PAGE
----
Big brother in the Nashville schools - according to this article it sounds like since 2007 students, teachers, staff and volunteers have been required to have their photographs taken so the computers can sound an alarm when an unknown person enters the Nashville school system.
Biometric technology opens new security frontiers
by Erin Kelly - Aug. 20, 2009 12:00 AM
Republic Washington Bureau
WASHINGTON - Iris scanners and facial-recognition cameras aren't just for spies anymore.
The futuristic technology once found mainly in James Bond movies and science-fiction novels is becoming increasingly pervasive throughout the nation, showing up everywhere from hospitals and high schools to docks and airports, including Phoenix Sky Harbor International Airport.
And it could become the dominant way for Americans to identify themselves if Congress moves ahead with efforts to create a biometric employee-verification system to ensure that only U.S. citizens and legal immigrants get jobs. Sen. Charles Schumer, D-N.Y., who chairs the Senate's immigration subcommittee, has said that a verification system based on fingerprints, iris scans or some other form of biometrics must be part of any comprehensive immigration-reform bill.
The plan is controversial with civil libertarians, who say it poses a threat to Americans' privacy. But supporters say it is the only reliable, tamperproof way to stop the identity theft and fraud that plagues the current E-Verify system.
For such a proposal to work, Americans would need to provide their fingerprints or other biometric information to the government to help create a federal database that employers could use to identify would-be workers as legal U.S. residents.
It would be the most widespread use of biometrics in the nation, but it would not be the first.
Biometrics is the measurement of a person's unique physical characteristics, using digital fingerprints, handprints, iris scans or facial-recognition cameras.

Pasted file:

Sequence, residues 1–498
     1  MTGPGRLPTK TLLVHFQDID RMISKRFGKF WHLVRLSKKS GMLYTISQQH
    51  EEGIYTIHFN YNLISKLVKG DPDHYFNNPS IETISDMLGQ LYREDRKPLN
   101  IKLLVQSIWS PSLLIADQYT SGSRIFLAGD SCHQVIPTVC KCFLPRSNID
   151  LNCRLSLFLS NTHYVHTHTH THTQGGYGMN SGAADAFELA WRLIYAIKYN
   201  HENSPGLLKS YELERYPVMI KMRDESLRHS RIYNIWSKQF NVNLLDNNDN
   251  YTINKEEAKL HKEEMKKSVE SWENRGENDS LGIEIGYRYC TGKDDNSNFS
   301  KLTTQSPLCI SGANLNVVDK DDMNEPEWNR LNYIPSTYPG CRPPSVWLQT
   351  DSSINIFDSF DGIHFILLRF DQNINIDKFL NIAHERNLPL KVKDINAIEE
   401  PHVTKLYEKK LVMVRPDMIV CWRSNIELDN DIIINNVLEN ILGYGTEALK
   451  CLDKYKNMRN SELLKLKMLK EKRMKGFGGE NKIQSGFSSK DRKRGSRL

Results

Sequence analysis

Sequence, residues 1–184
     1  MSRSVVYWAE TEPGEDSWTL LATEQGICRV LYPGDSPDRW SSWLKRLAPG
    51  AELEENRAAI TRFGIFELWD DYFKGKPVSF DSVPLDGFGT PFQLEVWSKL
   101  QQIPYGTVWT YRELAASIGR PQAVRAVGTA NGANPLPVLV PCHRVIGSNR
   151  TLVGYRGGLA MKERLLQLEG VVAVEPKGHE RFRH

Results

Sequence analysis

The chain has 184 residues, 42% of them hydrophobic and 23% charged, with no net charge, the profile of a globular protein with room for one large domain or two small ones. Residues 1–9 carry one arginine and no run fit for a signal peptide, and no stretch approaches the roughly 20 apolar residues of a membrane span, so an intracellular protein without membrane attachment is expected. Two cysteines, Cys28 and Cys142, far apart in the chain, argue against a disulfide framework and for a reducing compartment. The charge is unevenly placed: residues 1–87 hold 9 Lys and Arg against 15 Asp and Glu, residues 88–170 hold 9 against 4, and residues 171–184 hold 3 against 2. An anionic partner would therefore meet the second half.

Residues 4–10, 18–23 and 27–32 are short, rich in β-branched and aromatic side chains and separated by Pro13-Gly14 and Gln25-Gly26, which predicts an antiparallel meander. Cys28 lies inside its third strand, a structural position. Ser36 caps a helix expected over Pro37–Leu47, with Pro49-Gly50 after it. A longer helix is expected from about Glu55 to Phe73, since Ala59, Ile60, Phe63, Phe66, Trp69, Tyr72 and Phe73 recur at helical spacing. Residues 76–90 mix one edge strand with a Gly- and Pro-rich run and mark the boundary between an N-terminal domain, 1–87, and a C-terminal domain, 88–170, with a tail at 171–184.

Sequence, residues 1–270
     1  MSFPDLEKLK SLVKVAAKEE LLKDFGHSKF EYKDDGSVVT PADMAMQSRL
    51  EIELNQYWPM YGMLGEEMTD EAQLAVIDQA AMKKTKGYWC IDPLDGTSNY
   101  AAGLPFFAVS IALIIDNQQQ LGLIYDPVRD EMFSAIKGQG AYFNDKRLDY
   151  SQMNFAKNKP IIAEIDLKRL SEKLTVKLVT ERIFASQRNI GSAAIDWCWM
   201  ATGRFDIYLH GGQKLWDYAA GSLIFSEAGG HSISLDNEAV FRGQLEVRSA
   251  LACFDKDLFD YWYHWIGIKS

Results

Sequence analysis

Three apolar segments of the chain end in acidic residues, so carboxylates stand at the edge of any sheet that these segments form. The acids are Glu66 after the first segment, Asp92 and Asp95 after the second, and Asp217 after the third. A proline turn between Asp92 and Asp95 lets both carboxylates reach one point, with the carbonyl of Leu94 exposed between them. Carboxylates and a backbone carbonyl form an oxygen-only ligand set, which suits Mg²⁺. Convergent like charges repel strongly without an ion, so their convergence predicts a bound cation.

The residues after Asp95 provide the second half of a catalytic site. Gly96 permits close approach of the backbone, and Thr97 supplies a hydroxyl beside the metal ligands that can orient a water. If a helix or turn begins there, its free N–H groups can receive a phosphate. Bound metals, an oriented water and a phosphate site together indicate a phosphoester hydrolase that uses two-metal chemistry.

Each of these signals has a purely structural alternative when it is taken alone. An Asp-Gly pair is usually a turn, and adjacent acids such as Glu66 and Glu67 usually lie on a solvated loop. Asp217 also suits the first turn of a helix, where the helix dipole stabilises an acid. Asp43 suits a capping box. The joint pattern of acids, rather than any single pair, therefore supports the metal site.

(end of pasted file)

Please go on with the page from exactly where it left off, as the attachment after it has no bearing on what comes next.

"Biometrics have become fairly ubiquitous now," said James Ziglar, a senior fellow at the Migration Policy Institute and the recently retired president and chief executive of Cross Match Technologies, a Florida-based biometrics firm.
Just this month, Homeland Security Secretary Janet Napolitano announced the expansion of a voluntary program for international travelers who are able to bypass long customs lines at the airport by scanning their fingerprints at special kiosks after pre-registering their information.
At Phoenix's Sky Harbor and other major airports, international travelers arriving with a non-U.S. passport or visa have their fingerprints scanned and a digital photograph taken by Customs and Border Protection officers as part of the US-VISIT traveler-verification program.
Those biometric identifiers are then compared with fingerprints and photographs taken when the traveler obtained the visa in his or her home country.
Officers are able to use that information to verify that the person entering the United States is the same person who received the visa.
That's important because visas are issued only after a person has been checked against a watch list of known criminals and suspected terrorists.
Airports aren't the only transportation centers bursting with biometrics. At the nation's seaports, more than 1 million longshoremen, truckers and other workers carry a special Transportation Worker Identification Credential card that contains an embedded microchip with their fingerprints.